Radical plans to dispose of Hefce

September 22, 2000

Alan Thomson reports from the Lib Dem's conference in Bournemouth

Access premiums for universities, free tuition and the effective abolition of the higher education funding council are just some of the radical proposals expected in the Liberal Democrats' forthcoming policy review.

A significant increase in funding through access premiums is proposed for universities that recruit and retain students from under-represented groups. Fees would be abolished, and eventually everyone would have access to cradle-to-grave learning accounts, covering tuition and maintenance. At the same time, the Higher Education Funding Council for England should be merged with the Learning and Skills Council to create a new Learning Council (England).

All three proposals are expected in the Liberal Democrats' revised higher education policy, due for publication early next month.

Speaking to The THES at this week's conference, Evan Harris, the party's spokesman for higher education, science and women, said that current funding for access was pathetically small, given the government's avowed intention to increase participation by people from disadvantaged backgrounds.

Dr Harris said: "Access funding amounts to about 0.06 per cent of university funding. So, it is small fry."

Universities have long pointed out that it costs more to recruit and retain students from disadvantaged backgrounds than those from traditional university-going backgrounds.

The government does allocate funds to universities, through Hefce, based upon how well they do in attracting disadvantaged students, judged against individual institutional benchmarks. But even those institutions, primarily the post-1992 universities, that do well can expect only a few hundred thousand pounds extra. This compares with the tens of millions of pounds that some institutions, mainly in the less socially inclusive pre-1992 sector, gain for research.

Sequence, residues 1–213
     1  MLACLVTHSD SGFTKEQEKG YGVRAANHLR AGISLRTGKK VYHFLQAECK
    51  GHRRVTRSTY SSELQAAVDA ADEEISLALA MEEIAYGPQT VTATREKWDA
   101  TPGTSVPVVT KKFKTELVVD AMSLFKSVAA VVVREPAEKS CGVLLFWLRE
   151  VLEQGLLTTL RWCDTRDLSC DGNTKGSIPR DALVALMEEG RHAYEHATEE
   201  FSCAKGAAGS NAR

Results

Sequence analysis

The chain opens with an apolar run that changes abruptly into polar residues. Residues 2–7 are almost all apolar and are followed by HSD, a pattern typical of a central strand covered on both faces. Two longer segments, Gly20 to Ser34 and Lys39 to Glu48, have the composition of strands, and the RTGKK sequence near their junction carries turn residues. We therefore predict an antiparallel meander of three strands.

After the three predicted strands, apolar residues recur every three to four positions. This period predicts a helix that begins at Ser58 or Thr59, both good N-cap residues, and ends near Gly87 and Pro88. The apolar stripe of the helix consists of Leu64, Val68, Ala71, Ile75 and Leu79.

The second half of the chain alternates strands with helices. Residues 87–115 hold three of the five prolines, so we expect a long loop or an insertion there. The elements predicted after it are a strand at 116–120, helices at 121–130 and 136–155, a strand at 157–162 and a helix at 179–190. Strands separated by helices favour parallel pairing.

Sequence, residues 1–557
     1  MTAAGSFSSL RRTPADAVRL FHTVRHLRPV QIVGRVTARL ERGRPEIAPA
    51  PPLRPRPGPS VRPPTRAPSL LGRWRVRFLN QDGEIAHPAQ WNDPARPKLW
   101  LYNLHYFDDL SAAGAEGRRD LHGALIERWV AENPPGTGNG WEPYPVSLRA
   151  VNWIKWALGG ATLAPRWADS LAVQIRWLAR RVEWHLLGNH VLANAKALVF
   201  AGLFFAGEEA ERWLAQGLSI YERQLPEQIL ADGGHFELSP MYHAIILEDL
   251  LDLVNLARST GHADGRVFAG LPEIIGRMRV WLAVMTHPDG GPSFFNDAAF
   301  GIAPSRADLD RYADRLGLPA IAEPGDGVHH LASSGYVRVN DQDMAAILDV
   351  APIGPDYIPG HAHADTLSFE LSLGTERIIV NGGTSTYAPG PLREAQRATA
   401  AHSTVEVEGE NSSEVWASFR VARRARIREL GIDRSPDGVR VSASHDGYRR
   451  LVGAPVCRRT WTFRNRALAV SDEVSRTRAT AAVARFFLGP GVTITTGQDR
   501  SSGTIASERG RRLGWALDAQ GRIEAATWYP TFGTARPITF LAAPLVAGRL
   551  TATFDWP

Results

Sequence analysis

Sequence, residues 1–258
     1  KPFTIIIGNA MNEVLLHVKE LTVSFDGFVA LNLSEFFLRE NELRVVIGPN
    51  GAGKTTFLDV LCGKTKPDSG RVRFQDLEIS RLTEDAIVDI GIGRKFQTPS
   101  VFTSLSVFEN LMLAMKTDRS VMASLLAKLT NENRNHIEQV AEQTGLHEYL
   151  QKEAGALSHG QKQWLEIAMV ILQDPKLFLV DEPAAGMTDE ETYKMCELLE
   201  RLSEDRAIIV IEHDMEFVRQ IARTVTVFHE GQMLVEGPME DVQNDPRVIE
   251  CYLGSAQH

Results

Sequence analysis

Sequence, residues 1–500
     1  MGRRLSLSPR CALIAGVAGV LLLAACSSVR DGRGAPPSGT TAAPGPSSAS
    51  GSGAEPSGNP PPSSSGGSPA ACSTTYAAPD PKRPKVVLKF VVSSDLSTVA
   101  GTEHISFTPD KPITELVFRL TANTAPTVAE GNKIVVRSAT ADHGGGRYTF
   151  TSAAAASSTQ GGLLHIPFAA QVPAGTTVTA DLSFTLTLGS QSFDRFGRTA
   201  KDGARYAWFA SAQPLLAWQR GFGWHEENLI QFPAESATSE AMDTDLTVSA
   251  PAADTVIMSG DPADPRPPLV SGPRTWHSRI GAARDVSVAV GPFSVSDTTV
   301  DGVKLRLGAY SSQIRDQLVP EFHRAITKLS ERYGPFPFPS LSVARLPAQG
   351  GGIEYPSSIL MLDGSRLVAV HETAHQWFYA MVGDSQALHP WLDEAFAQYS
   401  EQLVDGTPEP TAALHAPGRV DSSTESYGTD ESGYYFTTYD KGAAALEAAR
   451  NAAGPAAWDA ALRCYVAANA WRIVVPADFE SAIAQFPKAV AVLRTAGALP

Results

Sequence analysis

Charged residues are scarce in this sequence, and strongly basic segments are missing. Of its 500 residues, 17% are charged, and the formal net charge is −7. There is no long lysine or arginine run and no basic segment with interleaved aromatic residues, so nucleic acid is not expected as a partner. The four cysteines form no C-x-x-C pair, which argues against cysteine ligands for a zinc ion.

Dr Harris said that access funding would follow the student so that universities would get, perhaps, a third of the premium upon recruiting a student from a disadvantaged background with the balance paid when that student graduates. Dr Harris said that this would reduce dropout rates, which are higher among students from poorer backgrounds.

The Liberal Democrats are almost certain to retain their opposition to undergraduate tuition fees. Conference agreed this week that free tuition should be offered to all 16 to 24-year-olds, and in the longer term all adults, studying for work-related level-three qualifications, broadly equivalent to A level.

But next month's proposals are expected to go further. The party is set to recommend that individual learning accounts be expanded with far greater public funding than the current Pounds 150 per person. They would be available to everyone for all levels of study, including higher education.

Businesses would be expected to contribute significantly. Key to increasing business involvement would be the creation of a Learning Council (England) that could encourage employers to offer more paid leave and other support to employees wishing to do higher education and training courses, according to proposals. The hope is that employers would be more likely to see the relevance and benefits of university-level education for employees if higher education was harnessed to a national learning agenda over which they had some control.

But moves to harness the higher education sector to employer needs through a vast new quango may be resisted by universities, protective of their educational autonomy. One vice-chancellor said: "I can't see this going down particularly well with most institutions."

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